Higher durability and precision with ceramic cutting tools developed with dynamometer from Kistler

TUSA, the Swiss machining specialist, is testing new microtools made of ceramic at the renowned Polytechnic University of Milan (Politecnico di Milano). This innovative material offers significantly longer lifetimes, but extensive testing is needed to optimize it. MicroDyn from Kistler, the world’s smallest dynamometer, ensures that cutting forces are measured precisely so that performance parameters can be determined.

There’s no doubt that ceramic is an exceptional material – as confirmed by its unique success story. It was used for pottery in the ancient world and then, as porcelain, it came to Europe from China in the 17th century (which is why we still call it “china”); this was followed by the advent of industrial ceramics in the 19th century. And now, the success story is set to continue as new application areas are developed and new material mixes and combinations are researched.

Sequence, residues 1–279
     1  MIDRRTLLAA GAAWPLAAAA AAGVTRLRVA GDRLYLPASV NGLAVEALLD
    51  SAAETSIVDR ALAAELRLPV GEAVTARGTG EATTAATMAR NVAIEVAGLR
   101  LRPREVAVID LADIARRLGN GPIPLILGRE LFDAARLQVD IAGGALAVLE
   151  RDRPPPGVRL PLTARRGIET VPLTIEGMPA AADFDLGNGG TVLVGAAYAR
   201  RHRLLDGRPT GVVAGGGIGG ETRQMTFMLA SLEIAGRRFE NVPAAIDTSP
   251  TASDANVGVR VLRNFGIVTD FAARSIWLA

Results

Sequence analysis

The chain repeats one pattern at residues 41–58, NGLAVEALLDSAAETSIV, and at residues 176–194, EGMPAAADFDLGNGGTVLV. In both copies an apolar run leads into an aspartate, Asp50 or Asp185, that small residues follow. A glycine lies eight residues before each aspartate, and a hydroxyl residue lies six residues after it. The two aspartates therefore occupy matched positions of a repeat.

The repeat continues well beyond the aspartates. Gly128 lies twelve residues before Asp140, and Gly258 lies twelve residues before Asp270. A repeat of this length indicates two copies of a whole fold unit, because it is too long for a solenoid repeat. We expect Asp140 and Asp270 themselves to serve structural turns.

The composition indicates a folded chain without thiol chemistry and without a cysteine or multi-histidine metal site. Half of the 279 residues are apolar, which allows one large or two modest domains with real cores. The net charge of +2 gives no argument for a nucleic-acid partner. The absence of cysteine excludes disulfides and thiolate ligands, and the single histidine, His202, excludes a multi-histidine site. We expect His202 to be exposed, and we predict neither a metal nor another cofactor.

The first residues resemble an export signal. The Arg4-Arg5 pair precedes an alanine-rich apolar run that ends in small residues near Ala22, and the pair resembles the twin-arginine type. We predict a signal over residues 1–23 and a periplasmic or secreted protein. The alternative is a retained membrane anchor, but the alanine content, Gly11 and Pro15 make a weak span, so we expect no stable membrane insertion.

A tool specialist in the southern Swiss canton of Ticino has also begun to focus on ceramics recently: TUSA Precision Tools SA manufactures high-performance machining tools such as those used to make components for watches. Gennaro Teta of Omnino Technology, TUSA’s development partner, explains: “Production of highly intricate components for watch movements has to meet the highest requirements, of course – the tolerances are sometimes in the micrometer range.” Teta’s attention was drawn to the potential of industrial ceramics in his quest for new ways to improve tool life and process reliability for his customers. Watch manufacture is one of the many sectors where the trend is moving towards highly automated, unmanned production. “But what’s the point of being 10% faster if you can manufacture throughout the night at a slightly slower speed – knowing that the process is reliable?” Teta asks. Ceramic material is harder than steel, so it can offer significantly greater resistance to wear as long as the cutting forces are kept under control.

Ceramic cutting tools
Research on ceramic cutting tools is under way at Milan Polytechnic.

Cutting tool lifetimes can be up to thirty times longer

Teta points out that the new materials can extend cutting tool lifetimes by a factor of up to 30 while maintaining comparable precision. TUSA approached the renowned Polytechnic University of Milan in nearby Italy to assist with the development of these materials. “Industrial tests showed that ceramic tools could easily increase a tool’s service life many times over. However, there are enormous variations depending on the substrate. This gave us the idea of collaborating with the Polytechnic to develop different ceramic mixes and – more specifically – to carry out tests on them,” Teta continues.